“What do you mean ‘consider’?” As a landscape and nature photographer, this is a difficult concept for me to understand…as a photographer, shouldn’t I always have my camera with me? First, I admit that I don’t carry my camera with me as often as I should. But second, I had a moment of realization one weekend about whether lugging my DSLR was actually necessary. Below are five things I consider every time I plan to go out on a hike.
- Determine the reason for the hike.
Before you pack up your gear, consider the reason(s) you’re going on the hike. Is this a local hike? Are you going for exercise, outdoor meditation, or for photography? Obviously, if you’re going strictly to take pictures, then this article is not for you and your mind is made up! But, if you’re embarking on a hike so that you can get fresh air and work off some calories, then breaking out the camera may not be the ideal thing to do on your hike. If you’re going to take time to admire nature during your hike, then bringing along your camera may be a good idea, but consider the weight of the gear and whether you have the appropriate bag.
2. Think of the type of hike
Are you climbing (or crawling) up a mountain? Is it a steady climb? Or is this a mostly-flat hike? Is this woodsy or out in the open? Is there any chance your camera would put you off balance, risking injury to yourself and/or your camera? I am definitely clumsy, so I have to carefully consider the gear I bring, and the type of bag…and whether my husband is willing to take the bag for me (the answer is always yes…because he’s amazing like that!) Last year we traveled to Anchorage, Alaska – which means I took my camera with me EVERYWHERE! One of the first days, we went to Flattop Mountain – I did not do any research, other than to read that it was the “most often climbed peak in Alaska” How hard could that be? Well…it was the most difficult hike I’ve ever encountered as an amateur hiker.
The point is…with the weather as foggy as it was, and the steep incline to the peak, had I done my homework then I would have chosen to leave my camera behind for the strenuous hike. Carrying the gear had proven to be a challenge, and honestly, there were points where losing my camera was the least of my worries.
3. Think of your hiking buddies
If you’re like me, then you may be self-conscious about how much time it may take you to get “THE shot” – you don’t want people watching you, you don’t want to make them wait, and you don’t want to be left behind! When I’m going with just my husband, I know how patient and supportive he can be while I take pictures, so I’m more likely to bring my camera along for the ride. However, if my hiking buddies and I are going for different reasons – say, I’m going to take photos and they’re going to exercise – then it’s probably not a good idea to bring the DSLR along, unless I’m comfortable with catching up to the group.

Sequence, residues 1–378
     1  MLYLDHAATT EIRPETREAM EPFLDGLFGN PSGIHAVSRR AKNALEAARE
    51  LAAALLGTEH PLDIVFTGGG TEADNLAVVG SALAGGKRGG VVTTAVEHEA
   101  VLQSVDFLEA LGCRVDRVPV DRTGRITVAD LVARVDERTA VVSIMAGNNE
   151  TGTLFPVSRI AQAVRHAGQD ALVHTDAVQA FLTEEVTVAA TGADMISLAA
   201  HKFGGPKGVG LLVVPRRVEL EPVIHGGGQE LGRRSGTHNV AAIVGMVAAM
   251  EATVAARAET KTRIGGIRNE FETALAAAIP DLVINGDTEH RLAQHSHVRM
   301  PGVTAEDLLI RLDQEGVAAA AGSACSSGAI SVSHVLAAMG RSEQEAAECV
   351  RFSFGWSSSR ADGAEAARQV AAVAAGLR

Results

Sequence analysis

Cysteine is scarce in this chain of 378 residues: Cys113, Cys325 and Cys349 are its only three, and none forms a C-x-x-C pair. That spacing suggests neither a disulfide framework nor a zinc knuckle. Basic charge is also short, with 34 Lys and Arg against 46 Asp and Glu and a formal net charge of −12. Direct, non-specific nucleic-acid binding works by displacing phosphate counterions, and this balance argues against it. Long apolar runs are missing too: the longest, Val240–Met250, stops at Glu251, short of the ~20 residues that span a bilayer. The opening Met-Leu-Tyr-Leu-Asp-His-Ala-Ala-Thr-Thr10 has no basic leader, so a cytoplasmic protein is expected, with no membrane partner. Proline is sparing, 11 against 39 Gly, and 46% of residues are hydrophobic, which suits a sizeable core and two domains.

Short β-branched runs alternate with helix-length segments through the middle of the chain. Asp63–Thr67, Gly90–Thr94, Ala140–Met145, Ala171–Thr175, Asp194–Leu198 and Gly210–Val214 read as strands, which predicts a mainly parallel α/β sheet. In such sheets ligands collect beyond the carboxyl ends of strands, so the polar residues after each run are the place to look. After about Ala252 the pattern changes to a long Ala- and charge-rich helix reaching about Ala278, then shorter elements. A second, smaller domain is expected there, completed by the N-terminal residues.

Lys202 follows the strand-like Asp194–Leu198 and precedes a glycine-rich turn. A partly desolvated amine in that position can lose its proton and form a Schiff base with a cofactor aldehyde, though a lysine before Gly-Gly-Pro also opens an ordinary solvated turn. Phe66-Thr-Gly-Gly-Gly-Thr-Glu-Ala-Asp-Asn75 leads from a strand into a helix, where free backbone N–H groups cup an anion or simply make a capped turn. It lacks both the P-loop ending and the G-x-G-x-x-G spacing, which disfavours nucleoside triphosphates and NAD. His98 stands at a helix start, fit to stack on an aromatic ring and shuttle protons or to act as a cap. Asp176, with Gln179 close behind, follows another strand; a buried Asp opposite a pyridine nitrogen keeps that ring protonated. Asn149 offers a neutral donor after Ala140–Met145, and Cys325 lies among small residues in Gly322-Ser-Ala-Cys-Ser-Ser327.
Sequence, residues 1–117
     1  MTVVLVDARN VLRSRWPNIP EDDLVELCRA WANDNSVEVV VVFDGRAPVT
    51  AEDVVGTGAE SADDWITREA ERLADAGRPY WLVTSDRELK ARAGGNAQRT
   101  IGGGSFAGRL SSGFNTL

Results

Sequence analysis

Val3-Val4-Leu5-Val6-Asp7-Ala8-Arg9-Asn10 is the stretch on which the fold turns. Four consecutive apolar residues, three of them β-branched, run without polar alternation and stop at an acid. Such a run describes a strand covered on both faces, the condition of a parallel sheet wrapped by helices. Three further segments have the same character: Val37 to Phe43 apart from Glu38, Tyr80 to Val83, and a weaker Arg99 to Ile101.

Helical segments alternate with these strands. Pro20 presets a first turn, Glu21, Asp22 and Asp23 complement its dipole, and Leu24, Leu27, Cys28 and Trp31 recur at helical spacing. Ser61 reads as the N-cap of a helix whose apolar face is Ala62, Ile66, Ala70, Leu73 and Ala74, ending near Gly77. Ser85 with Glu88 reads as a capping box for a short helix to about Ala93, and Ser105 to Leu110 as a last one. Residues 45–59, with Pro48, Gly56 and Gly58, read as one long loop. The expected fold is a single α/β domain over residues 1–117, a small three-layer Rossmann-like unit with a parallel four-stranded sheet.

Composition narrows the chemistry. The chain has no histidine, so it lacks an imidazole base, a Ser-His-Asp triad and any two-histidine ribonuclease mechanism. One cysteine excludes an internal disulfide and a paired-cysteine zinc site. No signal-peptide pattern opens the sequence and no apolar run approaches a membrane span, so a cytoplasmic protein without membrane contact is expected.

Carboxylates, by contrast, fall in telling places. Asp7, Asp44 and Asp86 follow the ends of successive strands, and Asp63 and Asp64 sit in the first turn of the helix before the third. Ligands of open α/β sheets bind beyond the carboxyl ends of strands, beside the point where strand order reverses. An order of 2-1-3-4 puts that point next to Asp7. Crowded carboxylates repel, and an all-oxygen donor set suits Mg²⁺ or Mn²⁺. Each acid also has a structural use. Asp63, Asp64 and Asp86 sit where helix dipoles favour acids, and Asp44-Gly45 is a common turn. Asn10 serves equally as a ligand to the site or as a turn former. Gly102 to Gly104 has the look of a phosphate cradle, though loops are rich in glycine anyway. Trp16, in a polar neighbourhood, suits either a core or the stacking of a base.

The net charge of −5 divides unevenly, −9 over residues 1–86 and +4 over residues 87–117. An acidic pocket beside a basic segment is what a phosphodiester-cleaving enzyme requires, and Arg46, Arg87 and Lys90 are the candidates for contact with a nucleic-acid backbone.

4. Remember: Your smartphone is the mini version of your best (photography) friend
Just because you don’t bring your DSLR, doesn’t mean you can’t take amazing photos! My iPhone is always with me, and when I’m hiking, I actually carry it in a FlipBelt. (not an affiliated link…I just love their product!). Having my phone easily accessible around my waist has been key to me grabbing some great shots while hiking.
And honestly, even on days when I bring my DSLR, I find that I take more photos with my iPhone. In addition, I recently discovered a new app, Halide, that makes me feel more comfortable using manual controls than the native iPhone app, which leads to better photos for me.
5. Gains and losses
Ultimately, it comes down to a Pros/Cons list on whether it’s worth packing the gear or not. I try to live life without regret, but I also know that life throws some “Make It Work” moments my way every now and then. Truth is, I take my camera with me about 75% of the time…and about 75% of hiking time, it’s in the bag.
Same mountain, 2 different hikes…and the DSLR stayed in the bag until we reached the top.
But, I don’t regret taking it with me – what if I had seen some interesting wildlife? I would not be able to reasonably capture that with my iPhone. During the times I don’t take my camera, I focus more on the physical aspect…and I also learn how to be resourceful with what I do have…which is my own skill and perspective.